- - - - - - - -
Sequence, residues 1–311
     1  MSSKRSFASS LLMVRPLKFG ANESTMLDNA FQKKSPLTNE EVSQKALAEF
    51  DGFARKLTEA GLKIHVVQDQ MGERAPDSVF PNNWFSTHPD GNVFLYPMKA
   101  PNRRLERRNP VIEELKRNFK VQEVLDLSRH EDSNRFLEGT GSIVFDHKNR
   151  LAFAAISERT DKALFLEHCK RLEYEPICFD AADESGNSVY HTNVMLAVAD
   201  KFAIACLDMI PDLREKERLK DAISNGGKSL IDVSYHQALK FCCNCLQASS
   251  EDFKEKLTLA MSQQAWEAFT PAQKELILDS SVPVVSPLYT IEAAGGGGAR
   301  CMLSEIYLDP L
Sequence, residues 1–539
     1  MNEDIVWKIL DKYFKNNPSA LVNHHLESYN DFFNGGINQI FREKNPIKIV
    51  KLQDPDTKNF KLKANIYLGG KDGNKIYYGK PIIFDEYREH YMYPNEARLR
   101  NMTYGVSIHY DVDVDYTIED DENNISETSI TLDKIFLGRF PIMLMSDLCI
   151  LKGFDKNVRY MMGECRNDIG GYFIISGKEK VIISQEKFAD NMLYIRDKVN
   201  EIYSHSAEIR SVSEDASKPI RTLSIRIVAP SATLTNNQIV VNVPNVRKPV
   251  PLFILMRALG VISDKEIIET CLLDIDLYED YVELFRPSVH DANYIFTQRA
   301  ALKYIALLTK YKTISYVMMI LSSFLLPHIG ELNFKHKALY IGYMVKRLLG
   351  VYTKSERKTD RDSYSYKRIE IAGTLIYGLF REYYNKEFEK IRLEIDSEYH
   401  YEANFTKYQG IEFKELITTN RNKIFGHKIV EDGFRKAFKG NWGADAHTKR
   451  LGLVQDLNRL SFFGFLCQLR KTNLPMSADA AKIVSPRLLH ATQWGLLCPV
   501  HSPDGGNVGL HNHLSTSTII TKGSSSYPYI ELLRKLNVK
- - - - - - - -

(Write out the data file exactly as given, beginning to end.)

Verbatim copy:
Sequence, residues 1–311
     1  MSSKRSFASS LLMVRPLKFG ANESTMLDNA FQKKSPLTNE EVSQKALAEF
    51  DGFARKLTEA GLKIHVVQDQ MGERAPDSVF PNNWFSTHPD GNVFLYPMKA
   101  PNRRLERRNP VIEELKRNFK VQEVLDLSRH EDSNRFLEGT GSIVFDHKNR
   151  LAFAAISERT DKALFLEHCK RLEYEPICFD AADESGNSVY HTNVMLAVAD
   201  KFAIACLDMI PDLREKERLK DAISNGGKSL IDVSYHQALK FCCNCLQASS
   251  EDFKEKLTLA MSQQAWEAFT PAQKELILDS SVPVVSPLYT IEAAGGGGAR
   301  CMLSEIYLDP L
Sequence, residues 1–539
     1  MNEDIVWKIL DKYFKNNPSA LVNHHLESYN DFFNGGINQI FREKNPIKIV
    51  KLQDPDTKNF KLKANIYLGG KDGNKIYYGK PIIFDEYREH YMYPNEARLR
   101  NMTYGVSIHY DVDVDYTIED DENNISETSI TLDKIFLGRF PIMLMSDLCI
   151  LKGFDKNVRY MMGECRNDIG GYFIISGKEK VIISQEKFAD NMLYIRDKVN
   201  EIYSHSAEIR SVSEDASKPI RTLSIRIVAP SATLTNNQIV VNVPNVRKPV
   251  PLFILMRALG VISDKEIIET CLLDIDLYED YVELFRPSVH DANYIFTQRA
   301  ALKYIALLTK YKTISYVMMI LSSFLLPHIG ELNFKHKALY IGYMVKRLLG
   351  VYTKSERKTD RDSYSYKRIE IAGTLIYGLF REYYNKEFEK IRLEIDSEYH
   401  YEANFTKYQG IEFKELITTN RNKIFGHKIV EDGFRKAFKG NWGADAHTKR
   451  LGLVQDLNRL SFFGFLCQLR KTNLPMSADA AKIVSPRLLH ATQWGLLCPV
   501  HSPDGGNVGL HNHLSTSTII TKGSSSYPYI ELLRKLNVK